As we have seen by way of this series, while there have been a number of foolish individuals who have made similar claims today, I can tell you that if I had been in John's shoes, I would have denied being a Prophet of the Lord as well. As it is, there are occasionally people who post certain comments on my Facebook timeline regarding my person which make me a bit nervous and uncomfortable. My friends, let's all keep our eyes on Jesus, because He is the only good thing about any of us. Without Him, we are all lost and nothing. As Jesus said in the Gospel of John:

"I am the vine, ye are the branches: He that abideth in me, and I in him, the same bringeth forth much fruit: for without me ye can do nothing."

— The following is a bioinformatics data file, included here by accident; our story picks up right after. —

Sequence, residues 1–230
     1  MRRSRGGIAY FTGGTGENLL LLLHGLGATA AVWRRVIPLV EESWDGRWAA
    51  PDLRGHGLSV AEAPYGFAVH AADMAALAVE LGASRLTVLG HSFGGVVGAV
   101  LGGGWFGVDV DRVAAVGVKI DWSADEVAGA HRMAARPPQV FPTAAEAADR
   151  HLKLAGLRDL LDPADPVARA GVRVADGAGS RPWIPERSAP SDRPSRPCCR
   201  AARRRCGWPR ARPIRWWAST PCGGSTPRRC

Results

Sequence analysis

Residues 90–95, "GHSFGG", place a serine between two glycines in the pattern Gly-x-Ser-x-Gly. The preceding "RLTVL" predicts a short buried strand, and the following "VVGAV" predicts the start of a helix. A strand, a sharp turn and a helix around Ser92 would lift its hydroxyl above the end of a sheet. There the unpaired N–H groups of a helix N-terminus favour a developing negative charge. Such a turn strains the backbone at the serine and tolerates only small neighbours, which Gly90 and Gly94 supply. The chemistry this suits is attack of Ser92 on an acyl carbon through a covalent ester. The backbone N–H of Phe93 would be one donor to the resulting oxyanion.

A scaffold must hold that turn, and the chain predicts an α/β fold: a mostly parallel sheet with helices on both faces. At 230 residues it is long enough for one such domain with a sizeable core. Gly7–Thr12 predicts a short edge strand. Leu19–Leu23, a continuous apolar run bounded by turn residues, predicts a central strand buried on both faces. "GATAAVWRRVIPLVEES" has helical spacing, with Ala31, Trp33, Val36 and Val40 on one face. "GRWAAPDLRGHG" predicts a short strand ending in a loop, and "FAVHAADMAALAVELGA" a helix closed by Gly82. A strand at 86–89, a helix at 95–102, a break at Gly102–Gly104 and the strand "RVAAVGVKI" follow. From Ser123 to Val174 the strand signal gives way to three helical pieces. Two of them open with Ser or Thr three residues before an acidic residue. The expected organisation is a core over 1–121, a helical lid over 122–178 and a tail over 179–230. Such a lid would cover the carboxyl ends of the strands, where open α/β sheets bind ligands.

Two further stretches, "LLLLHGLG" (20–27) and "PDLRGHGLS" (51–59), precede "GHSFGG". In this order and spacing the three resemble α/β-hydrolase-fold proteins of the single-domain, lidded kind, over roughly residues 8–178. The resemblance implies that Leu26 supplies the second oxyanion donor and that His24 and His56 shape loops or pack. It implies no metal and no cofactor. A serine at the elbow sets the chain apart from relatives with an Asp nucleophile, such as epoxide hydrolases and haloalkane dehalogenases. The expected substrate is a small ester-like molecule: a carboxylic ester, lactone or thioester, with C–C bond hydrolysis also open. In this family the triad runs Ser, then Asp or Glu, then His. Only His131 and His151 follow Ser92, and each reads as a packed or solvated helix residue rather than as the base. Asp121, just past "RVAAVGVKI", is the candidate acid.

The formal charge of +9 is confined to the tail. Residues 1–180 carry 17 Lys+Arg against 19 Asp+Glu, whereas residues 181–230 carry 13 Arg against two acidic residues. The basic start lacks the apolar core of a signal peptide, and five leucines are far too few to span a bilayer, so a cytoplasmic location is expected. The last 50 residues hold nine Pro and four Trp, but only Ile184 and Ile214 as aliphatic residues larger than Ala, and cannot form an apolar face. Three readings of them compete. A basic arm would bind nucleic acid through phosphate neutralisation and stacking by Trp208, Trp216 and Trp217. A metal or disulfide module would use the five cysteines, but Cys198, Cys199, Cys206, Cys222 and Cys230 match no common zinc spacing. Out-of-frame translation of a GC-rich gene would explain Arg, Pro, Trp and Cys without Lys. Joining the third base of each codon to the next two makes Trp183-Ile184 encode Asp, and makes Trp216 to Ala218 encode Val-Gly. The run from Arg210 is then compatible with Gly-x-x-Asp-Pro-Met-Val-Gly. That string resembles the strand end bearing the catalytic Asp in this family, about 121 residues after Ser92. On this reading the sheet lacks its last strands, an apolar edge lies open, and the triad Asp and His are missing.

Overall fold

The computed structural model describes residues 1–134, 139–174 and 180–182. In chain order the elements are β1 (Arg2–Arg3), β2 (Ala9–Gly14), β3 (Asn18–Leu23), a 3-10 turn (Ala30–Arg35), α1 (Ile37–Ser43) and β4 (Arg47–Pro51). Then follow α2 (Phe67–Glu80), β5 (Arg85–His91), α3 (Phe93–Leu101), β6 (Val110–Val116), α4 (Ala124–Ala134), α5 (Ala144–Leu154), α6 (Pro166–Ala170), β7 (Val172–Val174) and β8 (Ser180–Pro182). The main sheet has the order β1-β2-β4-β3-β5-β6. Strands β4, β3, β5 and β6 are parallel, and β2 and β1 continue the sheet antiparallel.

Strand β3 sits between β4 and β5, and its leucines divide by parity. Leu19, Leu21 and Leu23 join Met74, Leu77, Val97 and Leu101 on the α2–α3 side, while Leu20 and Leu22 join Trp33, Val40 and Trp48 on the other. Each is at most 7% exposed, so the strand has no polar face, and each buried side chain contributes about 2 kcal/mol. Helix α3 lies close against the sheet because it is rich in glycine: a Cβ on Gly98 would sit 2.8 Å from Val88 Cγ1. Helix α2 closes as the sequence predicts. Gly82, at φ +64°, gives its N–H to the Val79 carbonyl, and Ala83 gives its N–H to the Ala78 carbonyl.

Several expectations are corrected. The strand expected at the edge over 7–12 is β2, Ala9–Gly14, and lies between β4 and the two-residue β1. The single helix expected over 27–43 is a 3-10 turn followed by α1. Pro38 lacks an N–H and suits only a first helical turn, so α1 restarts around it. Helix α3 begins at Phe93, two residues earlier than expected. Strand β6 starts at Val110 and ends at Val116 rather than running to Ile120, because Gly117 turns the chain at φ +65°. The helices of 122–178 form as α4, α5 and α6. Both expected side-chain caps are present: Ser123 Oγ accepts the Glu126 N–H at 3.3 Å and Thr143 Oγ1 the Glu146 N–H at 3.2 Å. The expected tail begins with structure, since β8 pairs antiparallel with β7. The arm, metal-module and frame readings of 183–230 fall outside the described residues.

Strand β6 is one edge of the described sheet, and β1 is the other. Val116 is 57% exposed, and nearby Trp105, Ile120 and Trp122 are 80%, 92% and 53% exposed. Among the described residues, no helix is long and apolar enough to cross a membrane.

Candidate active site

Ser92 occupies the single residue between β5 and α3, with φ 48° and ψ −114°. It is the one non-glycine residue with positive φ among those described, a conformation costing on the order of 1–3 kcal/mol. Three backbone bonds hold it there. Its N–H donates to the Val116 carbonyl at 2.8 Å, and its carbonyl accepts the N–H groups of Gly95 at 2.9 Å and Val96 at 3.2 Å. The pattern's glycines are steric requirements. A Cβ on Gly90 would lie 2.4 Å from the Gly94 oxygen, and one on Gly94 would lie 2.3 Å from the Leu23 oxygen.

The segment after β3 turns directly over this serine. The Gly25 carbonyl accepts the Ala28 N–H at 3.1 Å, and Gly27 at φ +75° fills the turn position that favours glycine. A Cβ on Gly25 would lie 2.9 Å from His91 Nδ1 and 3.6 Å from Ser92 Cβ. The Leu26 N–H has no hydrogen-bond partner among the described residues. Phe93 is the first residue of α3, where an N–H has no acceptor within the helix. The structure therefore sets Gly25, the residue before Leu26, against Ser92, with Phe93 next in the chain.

John 15:5, KJV

As many of you will know, in Cecil De Mille's classic movie "The Ten Commandments", well-known Hollywood actor Charlton Heston portrays Moses as a bold, flamboyant Prophet of God. However, as I pointed out in part two, this is the furthest thing from the truth. After the Lord had dealt with Moses' pride and vanity -- which were no doubt by-products of being raised amongst Egyptian royalty -- Moses became a very shy, soft-spoken man who tried to evade the special ministry for which the Lord had chosen him. In the Book of Numbers we are told the following:

"(Now the man Moses was very meek, above all the men which were upon the face of the earth.)"
Numbers 12:3, KJV

It was this very quality of being meek and humble which made Moses prime material for the Lord's Hall of Fame; for as the Apostle Paul wrote in his first Epistle to the Corinthians: